Greece could conclude talks with international creditors on its third bailout worth up to 86 billion euros by Tuesday. Kirsty Basset reports on some of the remaining hurdles.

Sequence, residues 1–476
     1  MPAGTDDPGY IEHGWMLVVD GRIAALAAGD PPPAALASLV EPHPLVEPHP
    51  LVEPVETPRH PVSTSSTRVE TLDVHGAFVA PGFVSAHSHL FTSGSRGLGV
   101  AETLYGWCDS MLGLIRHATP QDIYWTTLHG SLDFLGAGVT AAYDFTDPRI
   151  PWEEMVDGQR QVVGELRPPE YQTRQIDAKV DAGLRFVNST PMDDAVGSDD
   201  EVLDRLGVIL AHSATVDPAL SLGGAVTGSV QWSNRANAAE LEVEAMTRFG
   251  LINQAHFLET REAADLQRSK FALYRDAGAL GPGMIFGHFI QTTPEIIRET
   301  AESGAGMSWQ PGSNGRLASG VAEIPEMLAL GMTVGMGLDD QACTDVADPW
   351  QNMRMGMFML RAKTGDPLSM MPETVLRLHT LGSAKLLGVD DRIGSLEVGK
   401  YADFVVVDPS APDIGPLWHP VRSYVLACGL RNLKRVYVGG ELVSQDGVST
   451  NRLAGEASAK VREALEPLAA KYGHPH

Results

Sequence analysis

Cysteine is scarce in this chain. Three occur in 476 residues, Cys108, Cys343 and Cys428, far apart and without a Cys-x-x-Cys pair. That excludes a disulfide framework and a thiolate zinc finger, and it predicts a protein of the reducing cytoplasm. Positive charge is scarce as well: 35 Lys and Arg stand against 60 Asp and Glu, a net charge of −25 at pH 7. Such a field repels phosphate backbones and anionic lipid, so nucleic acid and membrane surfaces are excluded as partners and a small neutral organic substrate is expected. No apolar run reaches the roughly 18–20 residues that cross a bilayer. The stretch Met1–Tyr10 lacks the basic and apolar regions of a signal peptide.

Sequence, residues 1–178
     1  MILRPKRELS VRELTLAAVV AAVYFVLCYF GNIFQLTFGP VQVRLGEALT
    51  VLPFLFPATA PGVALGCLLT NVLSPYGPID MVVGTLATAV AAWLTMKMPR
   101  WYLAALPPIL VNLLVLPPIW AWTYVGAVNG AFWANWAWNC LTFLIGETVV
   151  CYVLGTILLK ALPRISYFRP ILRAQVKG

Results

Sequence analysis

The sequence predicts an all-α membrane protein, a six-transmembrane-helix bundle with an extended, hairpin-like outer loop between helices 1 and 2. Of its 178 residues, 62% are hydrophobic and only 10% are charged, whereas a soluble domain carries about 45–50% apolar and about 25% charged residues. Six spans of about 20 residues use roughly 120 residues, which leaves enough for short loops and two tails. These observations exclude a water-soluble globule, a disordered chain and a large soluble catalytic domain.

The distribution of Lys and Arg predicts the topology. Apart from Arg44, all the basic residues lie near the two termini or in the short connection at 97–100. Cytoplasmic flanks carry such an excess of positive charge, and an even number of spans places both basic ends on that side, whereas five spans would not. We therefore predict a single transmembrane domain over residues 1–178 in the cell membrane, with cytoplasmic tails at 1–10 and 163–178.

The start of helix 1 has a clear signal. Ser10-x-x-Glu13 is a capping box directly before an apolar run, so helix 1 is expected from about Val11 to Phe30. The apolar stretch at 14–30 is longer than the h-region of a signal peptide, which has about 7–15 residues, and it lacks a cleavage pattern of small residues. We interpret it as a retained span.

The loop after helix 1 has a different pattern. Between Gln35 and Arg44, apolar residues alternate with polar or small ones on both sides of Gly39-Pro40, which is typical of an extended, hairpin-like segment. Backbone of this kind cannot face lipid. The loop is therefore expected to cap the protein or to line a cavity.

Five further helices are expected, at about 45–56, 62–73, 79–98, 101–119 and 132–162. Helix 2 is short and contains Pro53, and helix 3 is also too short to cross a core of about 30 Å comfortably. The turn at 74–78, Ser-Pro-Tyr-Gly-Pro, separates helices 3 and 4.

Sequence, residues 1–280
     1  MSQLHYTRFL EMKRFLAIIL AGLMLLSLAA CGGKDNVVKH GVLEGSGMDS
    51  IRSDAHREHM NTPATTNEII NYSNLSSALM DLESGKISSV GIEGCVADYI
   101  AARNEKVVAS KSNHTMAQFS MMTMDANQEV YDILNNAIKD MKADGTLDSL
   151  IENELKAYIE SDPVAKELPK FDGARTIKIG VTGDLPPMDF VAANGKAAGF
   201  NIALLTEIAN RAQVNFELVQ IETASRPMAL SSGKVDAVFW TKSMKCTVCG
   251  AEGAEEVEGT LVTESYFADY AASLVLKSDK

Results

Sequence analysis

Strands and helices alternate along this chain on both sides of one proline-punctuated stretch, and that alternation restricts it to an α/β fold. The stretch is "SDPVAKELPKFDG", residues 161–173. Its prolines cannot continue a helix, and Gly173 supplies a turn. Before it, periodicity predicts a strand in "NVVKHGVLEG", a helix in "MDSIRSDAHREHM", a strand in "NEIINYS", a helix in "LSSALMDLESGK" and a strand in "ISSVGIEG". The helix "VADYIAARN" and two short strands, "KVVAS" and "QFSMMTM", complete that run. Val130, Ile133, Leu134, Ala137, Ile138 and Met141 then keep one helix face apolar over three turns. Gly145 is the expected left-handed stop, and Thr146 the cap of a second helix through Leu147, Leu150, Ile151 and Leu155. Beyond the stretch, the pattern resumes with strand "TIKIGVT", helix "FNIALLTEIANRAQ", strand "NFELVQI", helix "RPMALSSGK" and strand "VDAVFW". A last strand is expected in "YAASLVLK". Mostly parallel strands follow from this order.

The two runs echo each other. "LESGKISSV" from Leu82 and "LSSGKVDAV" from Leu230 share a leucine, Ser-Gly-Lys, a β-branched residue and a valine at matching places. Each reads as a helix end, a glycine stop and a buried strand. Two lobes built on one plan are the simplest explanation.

Greek officials arrive at the Hilton in Athens, as negotiations over Greece's third bailout package may be drawing to a close. It follows a marathon session that ended in the early hours of Monday. At stake is up to 86 billion euros in loans, which will keep Greece in the euro and prevent the country from economic collapse. European Commission spokeswoman Annika Breidthardt (SOUNDBITE)(ENGLISH) EUROPEAN COMMISSION SPOKESWOMAN ANNIKA BREIDTHARDT SAYING: "Progress has indeed been made and we expect further progress throughout the day and beyond as talks continue to resolve the remaining issues." One of those issues, according to a senior EU official, is the size of the overall bailout. Some member states want to see it reduced from the up to 86 billion euros agreed at a summit in July, as they face growing taxpayer backlash against pouring more money into Greece. There are other hurdles too. Chief economic advisor at CEBR, Vicky Pryce. (SOUNDBITE) (ENGLISH) CHIEF ECONOMIC ADVISOR, CEBR, VICKY PRYCE SAYING: "Whether Greece can tackle in particular the labour market and pensions. There's been a big issue about early retirement and that has been something which keeps coming back on the table." Once an agreement is signed, Greece's economy could start to recover. (SOUNDBITE) (ENGLISH) CHIEF ECONOMIC ADVISOR, CEBR, VICKY PRYCE SAYING: "It will open the door for the European Central bank to include Greek government bonds into the QE program and I think once that is done, Greece can seriously start moving towards nomality and that would be a great breakthough." There's more than one incentive for a deal to be reached quickly - Greece has a 3.2 billion euro payment to the ECB due on August 20.